The racism in hockey series: Nedomansky the newest barrier buster inducted into Hall of Fame

This article kicks off a series that will focus on racism in sports at the university level, with future articles being focused on student-athletes who have experienced racism in some way during their time in the sport.

Racism and hockey have a long history, one that threads itself through the fabric of the game as well as the land of Canada, the country where the game began.

Only in the last couple of decades has the hockey community started to recognize the way they related and still treat minorities in the game. It is the same for Canada, whose government has only recently begun apologizing for their actions of the past.

Racism in hockey comes in many different forms, but all of them are equally destructive and detrimental to the people they affect.

The hockey hall of fame class of 2018 honoured Willie O’Ree, the first black player in the NHL, the 2019 class inducted Vaclav Nedomansky, the first player to defect from a communist country and play in the league, and the government of Canada began to apologize for their treatment of aboriginals. All of this has affected the country and the game, beginning to pave the game’s path towards a brighter future.

With the induction of Vaclav Nedomansky and Willie O’Ree into the Hall of Fame, it shows that the higher-ups and honoured members in the hockey community are recognizing the struggles and braveness that these men showed throughout their career, while also honouring their excellent performance on the ice in the face of adversity.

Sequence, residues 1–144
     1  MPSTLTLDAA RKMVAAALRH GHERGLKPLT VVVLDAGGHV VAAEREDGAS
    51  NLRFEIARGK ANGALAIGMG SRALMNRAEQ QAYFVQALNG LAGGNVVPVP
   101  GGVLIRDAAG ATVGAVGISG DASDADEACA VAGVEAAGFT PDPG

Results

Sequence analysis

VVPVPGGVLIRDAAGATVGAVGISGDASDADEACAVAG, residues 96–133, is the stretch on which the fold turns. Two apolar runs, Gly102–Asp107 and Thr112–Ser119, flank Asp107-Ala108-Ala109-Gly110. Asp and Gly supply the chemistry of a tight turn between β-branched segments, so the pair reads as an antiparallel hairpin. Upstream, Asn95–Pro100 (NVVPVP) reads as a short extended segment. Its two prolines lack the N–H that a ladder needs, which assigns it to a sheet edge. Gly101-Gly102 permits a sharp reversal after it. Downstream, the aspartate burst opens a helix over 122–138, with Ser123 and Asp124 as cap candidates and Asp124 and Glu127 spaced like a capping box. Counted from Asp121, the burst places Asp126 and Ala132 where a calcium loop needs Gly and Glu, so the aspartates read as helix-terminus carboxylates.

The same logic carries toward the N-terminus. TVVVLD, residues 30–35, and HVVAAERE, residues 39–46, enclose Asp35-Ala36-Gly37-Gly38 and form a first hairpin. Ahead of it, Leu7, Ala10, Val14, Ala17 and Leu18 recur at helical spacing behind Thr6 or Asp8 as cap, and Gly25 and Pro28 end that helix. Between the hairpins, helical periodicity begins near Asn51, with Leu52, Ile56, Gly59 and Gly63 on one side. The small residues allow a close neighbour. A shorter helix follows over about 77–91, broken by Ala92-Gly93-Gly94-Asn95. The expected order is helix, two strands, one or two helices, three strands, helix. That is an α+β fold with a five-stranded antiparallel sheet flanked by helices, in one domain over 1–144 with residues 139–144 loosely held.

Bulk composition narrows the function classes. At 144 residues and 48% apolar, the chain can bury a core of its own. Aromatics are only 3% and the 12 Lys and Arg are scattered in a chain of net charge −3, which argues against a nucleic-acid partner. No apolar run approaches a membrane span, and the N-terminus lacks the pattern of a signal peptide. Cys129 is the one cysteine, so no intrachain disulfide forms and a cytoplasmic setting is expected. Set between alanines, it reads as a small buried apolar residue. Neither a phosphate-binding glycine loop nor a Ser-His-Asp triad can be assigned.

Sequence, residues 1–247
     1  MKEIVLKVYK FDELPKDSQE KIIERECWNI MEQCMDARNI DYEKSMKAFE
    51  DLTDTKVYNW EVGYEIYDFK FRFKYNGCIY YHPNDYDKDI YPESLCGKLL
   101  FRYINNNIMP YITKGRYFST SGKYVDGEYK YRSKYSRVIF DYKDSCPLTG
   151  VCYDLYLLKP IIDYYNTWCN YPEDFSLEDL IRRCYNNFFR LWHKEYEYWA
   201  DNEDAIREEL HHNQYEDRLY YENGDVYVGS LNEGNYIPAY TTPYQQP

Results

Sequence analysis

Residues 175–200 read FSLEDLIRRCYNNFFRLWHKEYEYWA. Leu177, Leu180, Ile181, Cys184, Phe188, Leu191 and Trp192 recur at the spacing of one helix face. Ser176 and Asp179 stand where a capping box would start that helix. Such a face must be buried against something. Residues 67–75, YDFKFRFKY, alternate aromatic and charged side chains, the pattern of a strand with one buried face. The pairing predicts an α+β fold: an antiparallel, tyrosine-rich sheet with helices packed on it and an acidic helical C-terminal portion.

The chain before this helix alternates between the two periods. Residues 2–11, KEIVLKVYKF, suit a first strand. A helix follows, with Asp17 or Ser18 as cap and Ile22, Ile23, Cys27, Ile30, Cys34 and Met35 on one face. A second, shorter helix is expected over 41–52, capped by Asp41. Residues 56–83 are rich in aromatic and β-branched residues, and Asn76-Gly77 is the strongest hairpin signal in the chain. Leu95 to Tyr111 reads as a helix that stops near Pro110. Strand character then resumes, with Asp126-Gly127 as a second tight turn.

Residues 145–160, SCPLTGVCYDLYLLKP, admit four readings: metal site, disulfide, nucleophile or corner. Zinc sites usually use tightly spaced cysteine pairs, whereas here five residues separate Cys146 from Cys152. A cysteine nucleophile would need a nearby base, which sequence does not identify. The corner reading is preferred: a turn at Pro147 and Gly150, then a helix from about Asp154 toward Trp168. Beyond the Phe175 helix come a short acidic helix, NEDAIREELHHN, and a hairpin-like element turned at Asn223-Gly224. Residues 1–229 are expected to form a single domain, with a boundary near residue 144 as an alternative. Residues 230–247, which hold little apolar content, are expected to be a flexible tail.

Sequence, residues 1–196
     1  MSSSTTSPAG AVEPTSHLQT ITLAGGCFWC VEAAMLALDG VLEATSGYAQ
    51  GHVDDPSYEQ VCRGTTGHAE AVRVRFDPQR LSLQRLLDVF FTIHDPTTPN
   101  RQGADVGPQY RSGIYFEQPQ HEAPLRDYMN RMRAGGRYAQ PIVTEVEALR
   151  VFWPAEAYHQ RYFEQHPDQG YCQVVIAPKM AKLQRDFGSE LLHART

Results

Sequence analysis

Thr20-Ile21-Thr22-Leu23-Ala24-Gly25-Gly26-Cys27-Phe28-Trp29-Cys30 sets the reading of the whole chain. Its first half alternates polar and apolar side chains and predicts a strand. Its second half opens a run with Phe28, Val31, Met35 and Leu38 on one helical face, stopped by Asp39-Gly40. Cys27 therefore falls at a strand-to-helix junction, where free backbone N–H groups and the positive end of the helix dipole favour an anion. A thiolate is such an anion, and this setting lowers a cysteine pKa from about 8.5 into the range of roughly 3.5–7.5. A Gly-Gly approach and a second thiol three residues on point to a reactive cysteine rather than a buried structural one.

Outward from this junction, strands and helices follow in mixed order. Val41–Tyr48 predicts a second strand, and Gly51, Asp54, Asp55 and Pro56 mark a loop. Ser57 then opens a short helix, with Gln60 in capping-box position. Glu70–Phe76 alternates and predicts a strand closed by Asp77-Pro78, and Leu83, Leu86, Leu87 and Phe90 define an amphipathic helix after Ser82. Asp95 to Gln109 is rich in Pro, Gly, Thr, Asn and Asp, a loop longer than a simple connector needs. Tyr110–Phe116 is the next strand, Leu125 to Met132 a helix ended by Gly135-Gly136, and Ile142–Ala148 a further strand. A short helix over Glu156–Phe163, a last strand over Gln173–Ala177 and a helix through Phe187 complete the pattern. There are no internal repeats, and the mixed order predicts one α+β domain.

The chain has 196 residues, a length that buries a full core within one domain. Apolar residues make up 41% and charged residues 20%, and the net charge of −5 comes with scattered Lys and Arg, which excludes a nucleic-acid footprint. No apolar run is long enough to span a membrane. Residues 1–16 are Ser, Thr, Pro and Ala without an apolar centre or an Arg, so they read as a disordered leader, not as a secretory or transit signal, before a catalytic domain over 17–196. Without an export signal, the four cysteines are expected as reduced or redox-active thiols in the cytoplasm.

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Nedomansky with the Red Wings (The Hockey Hall of Fame)

Nedomansky and O’ree both broke down major barriers, the colour barrier and the communist bubble. Hockey’s colour and the communist barrier is not as public as it is in other sports, but it was still very substantial. Both men broke ground and paved the way for all of the similar players who have followed in their strides.

Although they both were legendary players, the respect that they receive now is far from the way they were dealt with during their careers.

“Guys tried to provoke me, they would call me a communist and push me around,” said Nedomansky to 49 reporter Ben Steiner prior to his induction. This was a common occurrence, for the Czechoslovakian defector, but it was not something that affected his performance through his 421 NHL games.

Being the first athlete to defect, Nedomansky was the first non-American or Canadian hockey player that many of his teammates had seen. Yes, Europeans had started to make their way into North America, but Nedomansky was different, he was not from western Europe.

The generalizations of races also played a very big role in the bullying that Nedomansky endured in his NHL career, “Some guys would try to hurt me, or make fun of my country; they didn’t care to talk to me.” he said, but he forced himself into friend groups, made his way in the locker room and has now found his way into the Hockey Hall of Fame, where he sits eternally among the best ever to lace up a pair of skates.

O’Ree faced similar challenges, but what he endured has found its way into the 21st century and unfortunately into today’s NHL arenas. All across the world, African Americans are pounced upon because of their skin colour, which did not stop O’Ree from playing int the NHL.

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O’Ree with the Boston Bruins (The Hockey Hall of Fame)